The new President should limit political appointees in government. He should appoint only one political undersecretary in each department, and thereafter respect the career civil service. The appointment of political operatives in key career positions, even in an acting capacity, should be resisted.

The sixth challenge is the weak preparation and implementation of the budget. The national budget is the lifeblood of any government. But because it involves taxpayers’ money, its preparation, authorization and implementation has to be done carefully, openly, and prudently. The whole budget process has to done in accordance with the Constitution, existing laws and strict budget rules.

The national budget has to be crafted with extreme care. Only programs and projects that can be accomplished within the fiscal year should be included in the annual budget. Congress should exercise its power of the purse diligently.

The seventh challenge is the anachronistic, unfair, and complicated tax system.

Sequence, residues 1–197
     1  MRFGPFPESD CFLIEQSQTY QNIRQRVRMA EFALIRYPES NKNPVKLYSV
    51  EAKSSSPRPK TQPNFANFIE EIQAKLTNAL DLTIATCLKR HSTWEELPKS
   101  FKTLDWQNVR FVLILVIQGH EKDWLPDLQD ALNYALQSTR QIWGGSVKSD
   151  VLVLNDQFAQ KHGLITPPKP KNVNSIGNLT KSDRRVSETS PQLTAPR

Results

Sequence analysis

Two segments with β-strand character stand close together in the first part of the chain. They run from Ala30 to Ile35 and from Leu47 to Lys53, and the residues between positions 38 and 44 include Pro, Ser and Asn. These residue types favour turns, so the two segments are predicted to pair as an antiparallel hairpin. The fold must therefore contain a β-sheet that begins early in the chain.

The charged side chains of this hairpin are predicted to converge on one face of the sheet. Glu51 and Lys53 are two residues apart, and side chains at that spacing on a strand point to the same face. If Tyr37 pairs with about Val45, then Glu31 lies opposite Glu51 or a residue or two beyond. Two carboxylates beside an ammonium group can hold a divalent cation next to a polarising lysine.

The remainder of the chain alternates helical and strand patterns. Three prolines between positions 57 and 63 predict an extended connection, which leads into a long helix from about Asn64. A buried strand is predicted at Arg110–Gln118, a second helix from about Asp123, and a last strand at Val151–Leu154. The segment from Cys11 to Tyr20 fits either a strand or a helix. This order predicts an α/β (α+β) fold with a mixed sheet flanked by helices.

The next President should be ready with his tax reform package within 100 days of his presidency. The 19-year-old income-tax systems are out of sync with the ASEAN-6 tax systems. Keeping the present income tax system unchanged is unfair since it has bumped all income taxpayers into higher income tax brackets through inflation.

Keeping the present corporate income tax system unchanged put the Philippines uncompetitive with its ASEAN-6 peers. This disadvantage is on top of other handicaps such as poor infrastructure, higher cost of doing business, and policy inconsistency.

As ASEAN integration approaches, competition among countries will become keener. While it might not happen overnight, the Philippines has a lot of catching up to do to keep abreast with its ASEAN-6 neighbors.

Indeed, one of the tasks of the next President to prepare the country in this more competitive world. At the risk of the country being left behind further, the new leader has to be visionary, decisive, and a high achiever.

Who among the Magnificent Four is up to the challenge and can embark on an aggressive, doable plan for the country so it can compete with its ASEAN neighbors?

Given these formidable challenges, who wants to be President of the Philippines?